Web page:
Understanding the Meth Detox Timeline

Meth use is sweeping the United States. With over a million people who actively admit to using it, it can be said that much more are currently addicted to it. Not everyone is willing to report their problem with meth. This number is also rapidly increasing. Meth overdose deaths are also on the rise. This makes for a very dangerous situation with this drug. Most meth addicts will tell you that it is an extremely difficult habit to kick. The way that meth acts on the pleasure centers of the brain are unique among stimulants, making it almost impossible for the body to resist the addiction. When you take all of this into consideration, you see the need for a meth detox.

One of the biggest questions people ask is “How long will it take for me to get off meth?” To this question, there is no easy answer. Everyone is a bit different when it comes to their meth detox timeline. Most often, the timeline goes something like this:

First 24 hours: during the first 24 hours of detox your body begins to experience withdrawal symptoms. These include:

  • Fatigue
  • Depression
  • Paranoia
  • Anxiety
  • Hallucinations

Each of these symptoms can continue throughout the detox process.

Two days to a week: During this period the physical symptoms of meth detox develop. The symptoms come to a peak and then gradually die off. These symptoms are:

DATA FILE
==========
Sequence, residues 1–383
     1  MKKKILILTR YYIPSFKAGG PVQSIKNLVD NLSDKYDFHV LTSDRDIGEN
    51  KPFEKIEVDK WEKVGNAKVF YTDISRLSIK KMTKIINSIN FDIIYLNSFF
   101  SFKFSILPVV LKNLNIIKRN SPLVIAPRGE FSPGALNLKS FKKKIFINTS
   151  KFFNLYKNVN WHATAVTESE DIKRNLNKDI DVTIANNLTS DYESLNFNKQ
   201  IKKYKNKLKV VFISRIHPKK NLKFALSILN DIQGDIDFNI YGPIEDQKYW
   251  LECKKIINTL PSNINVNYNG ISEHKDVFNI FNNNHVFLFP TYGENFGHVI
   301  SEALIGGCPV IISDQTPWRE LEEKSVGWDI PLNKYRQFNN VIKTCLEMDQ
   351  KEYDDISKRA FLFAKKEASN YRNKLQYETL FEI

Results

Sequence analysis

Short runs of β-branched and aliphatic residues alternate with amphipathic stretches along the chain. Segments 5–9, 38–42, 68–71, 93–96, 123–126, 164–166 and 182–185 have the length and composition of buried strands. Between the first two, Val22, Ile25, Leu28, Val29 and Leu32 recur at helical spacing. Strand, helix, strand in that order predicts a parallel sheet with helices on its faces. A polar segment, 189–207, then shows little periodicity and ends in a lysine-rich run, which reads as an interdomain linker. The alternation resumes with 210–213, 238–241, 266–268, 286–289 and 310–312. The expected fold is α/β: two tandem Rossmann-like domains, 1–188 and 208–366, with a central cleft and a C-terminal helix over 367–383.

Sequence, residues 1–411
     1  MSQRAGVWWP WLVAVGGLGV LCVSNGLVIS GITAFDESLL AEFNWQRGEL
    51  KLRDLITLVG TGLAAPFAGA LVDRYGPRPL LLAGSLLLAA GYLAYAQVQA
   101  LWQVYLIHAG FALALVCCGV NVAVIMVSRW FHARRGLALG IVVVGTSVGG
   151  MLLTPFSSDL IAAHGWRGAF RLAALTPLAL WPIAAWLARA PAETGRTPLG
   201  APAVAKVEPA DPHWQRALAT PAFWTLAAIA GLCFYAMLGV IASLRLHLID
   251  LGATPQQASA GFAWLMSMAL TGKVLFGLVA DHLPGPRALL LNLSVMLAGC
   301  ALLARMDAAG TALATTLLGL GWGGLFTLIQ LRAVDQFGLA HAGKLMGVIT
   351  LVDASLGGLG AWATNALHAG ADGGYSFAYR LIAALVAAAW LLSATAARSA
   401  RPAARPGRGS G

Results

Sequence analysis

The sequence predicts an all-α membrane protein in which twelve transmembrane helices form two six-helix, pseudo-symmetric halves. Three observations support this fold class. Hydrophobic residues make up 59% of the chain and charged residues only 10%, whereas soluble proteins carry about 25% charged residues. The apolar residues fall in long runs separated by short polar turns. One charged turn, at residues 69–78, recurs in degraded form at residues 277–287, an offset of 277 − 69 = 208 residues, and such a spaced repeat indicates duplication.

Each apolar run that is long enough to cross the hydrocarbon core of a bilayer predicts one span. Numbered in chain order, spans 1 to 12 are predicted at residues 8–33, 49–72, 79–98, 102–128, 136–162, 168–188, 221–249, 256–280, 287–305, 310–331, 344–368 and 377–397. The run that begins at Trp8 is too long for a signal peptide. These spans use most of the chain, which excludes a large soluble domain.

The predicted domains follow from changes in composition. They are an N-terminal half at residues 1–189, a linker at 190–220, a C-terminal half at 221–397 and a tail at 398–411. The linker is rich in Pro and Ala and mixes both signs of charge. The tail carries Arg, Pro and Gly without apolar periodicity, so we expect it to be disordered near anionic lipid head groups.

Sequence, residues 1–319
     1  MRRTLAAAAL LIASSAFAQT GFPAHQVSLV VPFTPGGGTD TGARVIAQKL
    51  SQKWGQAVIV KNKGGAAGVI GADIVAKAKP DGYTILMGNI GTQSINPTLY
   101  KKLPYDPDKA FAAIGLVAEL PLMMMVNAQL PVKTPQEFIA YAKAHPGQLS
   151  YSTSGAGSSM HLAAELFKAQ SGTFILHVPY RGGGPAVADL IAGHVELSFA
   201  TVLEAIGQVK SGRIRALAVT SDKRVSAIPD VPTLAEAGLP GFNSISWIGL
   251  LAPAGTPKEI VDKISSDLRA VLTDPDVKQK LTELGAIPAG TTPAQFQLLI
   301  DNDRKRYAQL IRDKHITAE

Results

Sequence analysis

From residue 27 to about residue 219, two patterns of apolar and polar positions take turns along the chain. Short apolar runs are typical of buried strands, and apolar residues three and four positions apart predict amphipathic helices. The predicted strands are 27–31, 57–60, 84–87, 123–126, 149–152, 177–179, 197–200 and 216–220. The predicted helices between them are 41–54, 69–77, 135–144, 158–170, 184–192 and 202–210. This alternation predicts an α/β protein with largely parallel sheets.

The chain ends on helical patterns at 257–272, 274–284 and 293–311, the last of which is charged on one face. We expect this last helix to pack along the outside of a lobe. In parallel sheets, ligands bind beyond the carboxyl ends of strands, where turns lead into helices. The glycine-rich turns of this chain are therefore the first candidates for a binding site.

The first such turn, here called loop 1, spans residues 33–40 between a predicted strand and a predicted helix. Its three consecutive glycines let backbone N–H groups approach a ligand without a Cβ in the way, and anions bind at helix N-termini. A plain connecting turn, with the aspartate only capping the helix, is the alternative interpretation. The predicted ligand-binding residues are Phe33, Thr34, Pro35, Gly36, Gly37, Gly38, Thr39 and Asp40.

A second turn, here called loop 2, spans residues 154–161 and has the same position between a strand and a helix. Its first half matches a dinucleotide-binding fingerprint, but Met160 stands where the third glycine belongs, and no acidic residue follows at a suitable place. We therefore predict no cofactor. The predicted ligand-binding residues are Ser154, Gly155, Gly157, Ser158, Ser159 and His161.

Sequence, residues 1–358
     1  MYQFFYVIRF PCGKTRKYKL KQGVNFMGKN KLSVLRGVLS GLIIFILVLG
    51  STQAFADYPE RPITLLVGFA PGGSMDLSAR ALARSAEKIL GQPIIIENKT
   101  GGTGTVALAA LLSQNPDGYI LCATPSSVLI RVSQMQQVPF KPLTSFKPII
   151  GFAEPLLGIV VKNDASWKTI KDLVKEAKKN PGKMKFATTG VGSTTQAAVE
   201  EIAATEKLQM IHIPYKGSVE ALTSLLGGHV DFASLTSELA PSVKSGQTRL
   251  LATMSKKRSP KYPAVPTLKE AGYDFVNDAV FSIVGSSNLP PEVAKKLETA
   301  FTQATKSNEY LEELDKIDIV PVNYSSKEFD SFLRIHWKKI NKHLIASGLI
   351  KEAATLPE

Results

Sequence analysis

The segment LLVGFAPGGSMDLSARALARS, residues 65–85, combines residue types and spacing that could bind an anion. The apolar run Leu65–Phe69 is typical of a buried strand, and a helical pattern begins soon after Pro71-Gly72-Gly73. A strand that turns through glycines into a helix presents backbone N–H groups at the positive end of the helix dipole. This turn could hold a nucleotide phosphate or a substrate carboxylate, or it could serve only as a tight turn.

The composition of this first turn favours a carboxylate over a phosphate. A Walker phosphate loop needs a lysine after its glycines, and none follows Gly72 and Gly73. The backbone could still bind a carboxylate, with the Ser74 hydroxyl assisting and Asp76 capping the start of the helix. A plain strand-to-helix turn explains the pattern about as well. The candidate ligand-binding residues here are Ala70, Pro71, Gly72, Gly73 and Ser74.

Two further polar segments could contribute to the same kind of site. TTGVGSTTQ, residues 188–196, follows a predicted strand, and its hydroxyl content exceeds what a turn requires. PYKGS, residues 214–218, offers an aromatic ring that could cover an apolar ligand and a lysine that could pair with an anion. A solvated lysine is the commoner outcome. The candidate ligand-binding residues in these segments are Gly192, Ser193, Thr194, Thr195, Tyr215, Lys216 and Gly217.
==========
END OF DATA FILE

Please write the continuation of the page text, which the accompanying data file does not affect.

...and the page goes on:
• Hunger
  • Itching
  • Muscle pain
  • Unusual muscle fatigue
  • Headaches
  • Nausea

The psychological symptoms are still present during this time. These psychological symptoms are the most persistent. They sometimes begin to taper off, only to come back full force.

Week two: During the second week, most of the symptoms dissipate but may ebb and flow. There is a very high risk of insomnia during the second week of detox. Unfortunately, this insomnia can cause both hallucinations and psychosis. Many report that this is sometimes the worst part of meth detox.

Week three: During the third week, most of the symptoms are gone. The most common and longest lasting symptoms are insomnia, fatigue, and anxiety. Sometimes a deeper depression can take hold during this period.

Week four: During week four, nervousness and the jitters are common. These feelings are considered normal and are a sign that your body is beginning to heal the physical damage that meth does to your central nervous system.

Although this is a four-week timeline, everyone is different. The process of meth detoxification can be sped up by seeking out a detox and treatment program like those found at detox.com. Without a detox and treatment program, you run the risk of relapse, lasting mental illness, and other serious complications. A solid detox and treatment program can help you establish good nutrition, provide you with medications, and help you discover and treat the cause of your meth addiction. There are thousands of people who seek treatment for meth addiction every year. You are not alone. Treatment is the best way to get away from your meth addiction and stay away from it.